On the eve of his likely impeachment by the House of Representatives, President Donald Trump wrote in a six-page letter to Speaker Nancy Pelosi on Tuesday, “One hundred years from now, when people look back at this affair, I want them to understand it, and learn from it, so that it can never happen to another President again.” Indeed, those reading the missive in the early 22nd century will have a fair grasp of the central concern of the era: that the single most powerful person on the planet, with personal control of an arsenal that could eliminate all life many times over, was an unhinged conspiracy theorist and pathological liar with authoritarian tendencies who obsessively wallowed in his personal grievances, was steeped in the absurd talking points he absorbed from his television, and was unable to distinguish his private interests from his public office.
But for a broader view of the problem at hand, future historians would do well to review the reaction to Trump’s rant from the propagandists and sycophants who have often encouraged him to follow through on his worst impulses. In the hours after the letter’s release, Fox’s pro-Trump programming presented it as a master stroke, an accurate depiction of the events of the last few months that provides a brilliant example for the rest of the Republican Party about how they should be conducting themselves. That’s the version of events that a broad swath of Trump’s base -- as well as the president himself -- received.
For Fox Business’ Lou Dobbs, who both privately counsels the president and hosts what can best be described as the U.S. analogue to North Korea-style propaganda, Trump’s letter to Pelosi was “beautiful,” “terrific, “elegant,” and “comprehensive,” laying down a “historic marker” and successfully placing Democrats “in the focus of history for decades to come.” His guests lined up to agree with him: For Fox contributor Jason Chaffetz, the letter is a must-read in which Trump “was absolutely right”; right-wing radio host Mark Simone described it as a “masterpiece” and compared it to the Gettysburg Address; and commentator Amy Tarkanian responded, “I loved every word of his letter and I’m glad that he wrote it.”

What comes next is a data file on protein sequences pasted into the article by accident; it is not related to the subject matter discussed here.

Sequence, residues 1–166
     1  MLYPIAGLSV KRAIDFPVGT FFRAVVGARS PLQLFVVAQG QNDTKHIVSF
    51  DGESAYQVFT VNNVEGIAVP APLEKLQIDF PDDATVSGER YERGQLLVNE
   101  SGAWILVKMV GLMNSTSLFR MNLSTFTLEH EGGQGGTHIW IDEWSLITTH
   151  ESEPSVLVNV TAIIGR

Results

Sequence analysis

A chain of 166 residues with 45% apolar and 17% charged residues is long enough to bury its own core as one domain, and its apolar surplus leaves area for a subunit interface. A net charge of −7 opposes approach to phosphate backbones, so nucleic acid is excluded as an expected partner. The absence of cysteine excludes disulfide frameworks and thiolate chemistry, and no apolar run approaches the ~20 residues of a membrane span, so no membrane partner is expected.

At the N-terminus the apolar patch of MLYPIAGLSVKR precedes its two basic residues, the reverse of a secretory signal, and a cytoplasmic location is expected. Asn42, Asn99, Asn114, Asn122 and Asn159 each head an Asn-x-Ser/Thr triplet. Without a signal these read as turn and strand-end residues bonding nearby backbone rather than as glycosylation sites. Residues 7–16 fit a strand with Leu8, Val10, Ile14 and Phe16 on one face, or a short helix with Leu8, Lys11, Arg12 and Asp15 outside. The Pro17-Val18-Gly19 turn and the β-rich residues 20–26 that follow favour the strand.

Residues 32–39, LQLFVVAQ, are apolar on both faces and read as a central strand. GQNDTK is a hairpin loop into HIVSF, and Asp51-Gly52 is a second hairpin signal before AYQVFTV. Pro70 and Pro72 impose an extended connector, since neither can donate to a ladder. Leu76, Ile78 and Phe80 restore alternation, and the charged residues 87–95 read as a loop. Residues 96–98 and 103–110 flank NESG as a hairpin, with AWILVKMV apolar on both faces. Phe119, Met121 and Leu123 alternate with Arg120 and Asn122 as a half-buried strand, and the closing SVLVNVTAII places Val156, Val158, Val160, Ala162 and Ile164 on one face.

Sean Hannity, another Fox host who dual-hats as a close Trump adviser, celebrated the letter as Trump “fighting back” with a “powerful, scathing beat down” in which the president “utterly destroy[ed]” Pelosi, the Democrats, and their “idiotic articles of impeachment.”
And Laura Ingraham argued on her Fox show that Trump is “teaching Republicans how to fight” with the letter, mockingly contrasting him with Sen. Mitt Romney (R-UT) and his “rules of order.” She mocked other journalists for having “pounced” in response to the letter, which she described as “hard-hitting” and “on point.” Her guests, a panel of House Republicans, expressed their support for Trump’s response.
The president himself was almost certainly watching these responses over the course of the night. As Ingraham’s show was winding down, he highlighted on Twitter the “good marks and reviews” he claimed the letter had garnered.
This is the pattern we’ve seen over and over again throughout this presidency: Trump issues an absolutely batshit statement, often based on the absurd amount of Fox programming he consumes; his propagandists tell their audiences that his behavior is not only normal but righteous; and the president, as part of that audience, receives positive feedback for his abhorrent behavior from the network personalities he views as his most loyal supporters.
And then he does it again.
Fox’s hosts are his most vital enablers, and that is how historians should remember them.